Pipelines and canals buy some cities a ticket out of water stress — for now.
By Brett Walton
Circle of Blue
For water, as for the rest of life, money is the great insulator.
A new study on urban water stress reveals that fewer of the world’s large cities than previously thought are approaching severe limits on their drinking water resources – just 25 percent of cities with a population greater than 750,000, not 40 percent as had been claimed.
Why the lower number? Because the expensive canals and pipelines that draw water from distant basins were not accounted for in earlier assessments, which assumed, for example, that the only water Los Angeles was using came from the local rivers and aquifers west of the San Gabriel Mountains.
Massive water diversions allow cities to flourish in areas in which current lifestyles would otherwise be impossible. Los Angeles, in fact, pulls more water from outside its natural watershed than any city in the world, according to the study, which was published online this week in the journal Global Environmental Change.
A wealthy city benefiting from investments fought over and built more than a century ago has that advantage. Many poorer urban areas today do not, said Rob McDonald, senior scientist at the Nature Conservancy and the study’s lead author.
“Poorer cities often can’t build themselves out of scarcity,” McDonald told Circle of Blue. “And it’s going to be harder for them going forward. The fastest growing cities are the poorest and they may need to double or triple their water supply but don’t have the capital to build a large water transfer project.”
In such cases the power of international lenders could be called on, said McDonald, who cited Sana, the perilously dry capital of Yemen, as an example where outside money would help.
Even if money is not a problem, geography might be. Most cities in the study have an unstressed water source close by. Roughly 80 percent of cities could find a source to supply 1 billion liters per day, enough for several million people, within 22 kilometers, according to the analysis.
But 10 percent of cities would need to build a canal at least 48 kilometers to access such a source. Most of these geographically limited cities are in poor or developing countries, notably China, Mexico, and in Central Asia.
Zooming in on the Problem
The ability to assess water supply challenges at this level of detail was possible because of a groundbreaking data set the research team assembled. Researchers pieced together the individual rivers and aquifers that supply more than 500 cities worldwide and identified, as best as possible, the location at which water was drawn.
Cities use a mix of water sources. The researchers tallied both rivers and aquifers, and used hydrological models to define when each source reaches a point of stress. For rivers, this is when more than 40 percent of the available water at any given point in the watershed is withdrawn by farmers, industries, power plants, or cities. For aquifers, water stress occurred when the water pumped out of the ground exceeded the amount soaking back in. (For a complete list of the 264 cities used in the study and their stress status, go here.)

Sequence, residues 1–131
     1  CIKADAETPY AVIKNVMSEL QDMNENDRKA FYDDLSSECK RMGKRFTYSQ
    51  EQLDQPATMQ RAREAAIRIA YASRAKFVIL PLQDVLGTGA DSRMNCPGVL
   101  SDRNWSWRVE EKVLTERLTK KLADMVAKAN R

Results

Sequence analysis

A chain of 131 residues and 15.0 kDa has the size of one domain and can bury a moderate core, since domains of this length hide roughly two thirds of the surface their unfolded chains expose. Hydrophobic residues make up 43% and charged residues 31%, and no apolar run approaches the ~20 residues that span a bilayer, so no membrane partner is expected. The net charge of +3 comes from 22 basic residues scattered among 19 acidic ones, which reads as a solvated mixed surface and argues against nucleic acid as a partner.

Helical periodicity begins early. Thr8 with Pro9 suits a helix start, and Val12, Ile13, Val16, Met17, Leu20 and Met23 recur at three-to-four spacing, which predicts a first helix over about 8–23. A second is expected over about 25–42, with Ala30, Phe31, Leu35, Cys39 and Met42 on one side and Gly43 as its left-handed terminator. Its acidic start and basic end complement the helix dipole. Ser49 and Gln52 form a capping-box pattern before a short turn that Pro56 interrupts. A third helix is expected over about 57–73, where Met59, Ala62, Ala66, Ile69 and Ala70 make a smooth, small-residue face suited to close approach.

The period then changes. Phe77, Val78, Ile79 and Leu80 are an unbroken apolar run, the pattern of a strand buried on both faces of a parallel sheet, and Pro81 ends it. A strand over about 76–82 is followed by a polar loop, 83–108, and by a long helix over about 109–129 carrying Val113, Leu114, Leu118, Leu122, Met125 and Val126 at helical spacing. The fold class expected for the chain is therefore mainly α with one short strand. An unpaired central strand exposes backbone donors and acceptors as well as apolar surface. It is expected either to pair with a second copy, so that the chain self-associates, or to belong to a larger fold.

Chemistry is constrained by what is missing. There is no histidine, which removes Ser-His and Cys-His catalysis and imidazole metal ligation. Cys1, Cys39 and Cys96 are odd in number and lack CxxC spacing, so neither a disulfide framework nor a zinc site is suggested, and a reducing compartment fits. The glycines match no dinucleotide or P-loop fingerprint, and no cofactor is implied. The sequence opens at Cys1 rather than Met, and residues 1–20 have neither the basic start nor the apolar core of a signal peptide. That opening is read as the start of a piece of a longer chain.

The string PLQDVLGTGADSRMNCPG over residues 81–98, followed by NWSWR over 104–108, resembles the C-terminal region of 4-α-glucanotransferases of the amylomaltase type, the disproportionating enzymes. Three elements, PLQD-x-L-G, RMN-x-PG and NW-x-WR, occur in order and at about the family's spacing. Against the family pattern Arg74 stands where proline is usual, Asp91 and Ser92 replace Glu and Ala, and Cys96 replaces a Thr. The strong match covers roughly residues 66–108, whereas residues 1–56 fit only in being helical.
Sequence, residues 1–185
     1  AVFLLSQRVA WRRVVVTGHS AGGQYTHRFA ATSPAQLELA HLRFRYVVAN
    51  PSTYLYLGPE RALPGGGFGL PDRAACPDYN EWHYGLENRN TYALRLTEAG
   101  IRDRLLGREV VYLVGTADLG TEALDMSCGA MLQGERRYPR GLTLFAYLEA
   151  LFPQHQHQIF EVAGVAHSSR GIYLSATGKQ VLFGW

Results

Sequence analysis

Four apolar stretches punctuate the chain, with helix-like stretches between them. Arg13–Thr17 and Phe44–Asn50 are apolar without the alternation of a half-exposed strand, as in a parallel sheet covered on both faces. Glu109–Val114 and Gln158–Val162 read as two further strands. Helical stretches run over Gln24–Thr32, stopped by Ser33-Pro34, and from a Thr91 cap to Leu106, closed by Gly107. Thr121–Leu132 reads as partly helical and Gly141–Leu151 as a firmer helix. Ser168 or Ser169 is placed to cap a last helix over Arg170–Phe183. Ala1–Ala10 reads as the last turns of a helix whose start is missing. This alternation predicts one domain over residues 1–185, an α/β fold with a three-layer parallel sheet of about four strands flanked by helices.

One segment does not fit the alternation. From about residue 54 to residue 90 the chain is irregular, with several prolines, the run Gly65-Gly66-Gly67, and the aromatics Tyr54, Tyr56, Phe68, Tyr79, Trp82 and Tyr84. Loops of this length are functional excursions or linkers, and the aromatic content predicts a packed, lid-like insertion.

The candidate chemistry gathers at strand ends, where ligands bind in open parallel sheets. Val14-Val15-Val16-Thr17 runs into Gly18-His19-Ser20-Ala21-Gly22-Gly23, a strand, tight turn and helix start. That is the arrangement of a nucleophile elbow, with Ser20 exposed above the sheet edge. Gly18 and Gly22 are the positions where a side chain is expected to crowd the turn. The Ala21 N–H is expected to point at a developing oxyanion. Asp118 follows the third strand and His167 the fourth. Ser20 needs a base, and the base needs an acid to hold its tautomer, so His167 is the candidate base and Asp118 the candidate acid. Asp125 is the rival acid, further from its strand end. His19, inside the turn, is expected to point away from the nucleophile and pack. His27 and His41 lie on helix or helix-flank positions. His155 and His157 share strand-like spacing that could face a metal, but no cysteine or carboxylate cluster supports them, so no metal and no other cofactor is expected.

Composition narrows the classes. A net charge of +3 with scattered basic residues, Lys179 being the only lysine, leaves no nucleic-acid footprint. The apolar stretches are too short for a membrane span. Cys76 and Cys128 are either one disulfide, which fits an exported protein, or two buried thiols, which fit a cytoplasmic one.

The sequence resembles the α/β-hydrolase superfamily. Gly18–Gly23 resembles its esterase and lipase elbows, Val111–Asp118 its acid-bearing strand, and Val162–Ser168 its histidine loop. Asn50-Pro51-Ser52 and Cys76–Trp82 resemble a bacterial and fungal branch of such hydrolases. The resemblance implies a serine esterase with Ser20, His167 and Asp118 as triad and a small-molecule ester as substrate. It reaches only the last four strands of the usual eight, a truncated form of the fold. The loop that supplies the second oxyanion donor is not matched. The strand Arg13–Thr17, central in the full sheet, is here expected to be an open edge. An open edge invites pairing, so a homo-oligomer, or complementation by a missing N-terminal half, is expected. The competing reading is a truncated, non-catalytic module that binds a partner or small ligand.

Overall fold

Environmental flows, or what is needed to maintain a healthy aquatic ecosystem, were not taken into account. If they were, less water would be available for humans and more cities would be classified as stressed, bumping up the total to perhaps 29 percent of cities, according to the study.
A city judged to be water stressed, however, is not necessarily a city in immediate crisis. Stressed means that cities face certain challenges, some that are chronic and others that are acute, McDonald explained.
“Water stress means a city is more vulnerable to drought,” McDonald said. “It means that there is more potential for conflict, not violent conflict but disagreements between states or other cities or countries over water.”
A city, for instance, that withdraws water from its aquifer at an unsustainable rate might see its energy costs increase in the short term as water is pumped from deeper depths. But such pumping could go on for years before a noticeable dip in the water supply if the amount of water stored underground is large enough.
Setting the Stage for Future Research
The fresh look at water stress is the first in a series of research projects that will use the City Water Map database to assess urban water supply challenges, McDonald said.
One study will use the latest climate models to map how changes in river flows brought by global warming will influence urban water stress. Another study will consider how upstream changes in farming or forestry will affect water quality and alter the cost of water treatment. A third will examine the relationship between cities and agriculture and pinpoint where shifts in farm practices might free up more water for urban use.
The latter study, on agriculture-urban partnerships, is especially important. Even if some cities can afford large canals, transfers from agriculture would be cheaper, use less energy, and keep river ecosystems intact.
And even though big infrastructure projects help, they are not a cure-all. System expansions eventually reach the limits of geography, cost, and conflict. After all, Los Angeles, for all its canals, is still classified as water stressed.
Brett writes about agriculture, energy, infrastructure, and the politics and economics of water in the United States. He also writes the Federal Water Tap, Circle of Blue’s weekly digest of U.S. government water news. He is the winner of two Society of Environmental Journalists reporting awards, one of the top honors in American environmental journalism: first place for explanatory reporting for a series on septic system pollution in the United States(2016) and third place for beat reporting in a small market (2014). Brett lives in Seattle, where he hikes the mountains and bakes pies. Contact Brett Walton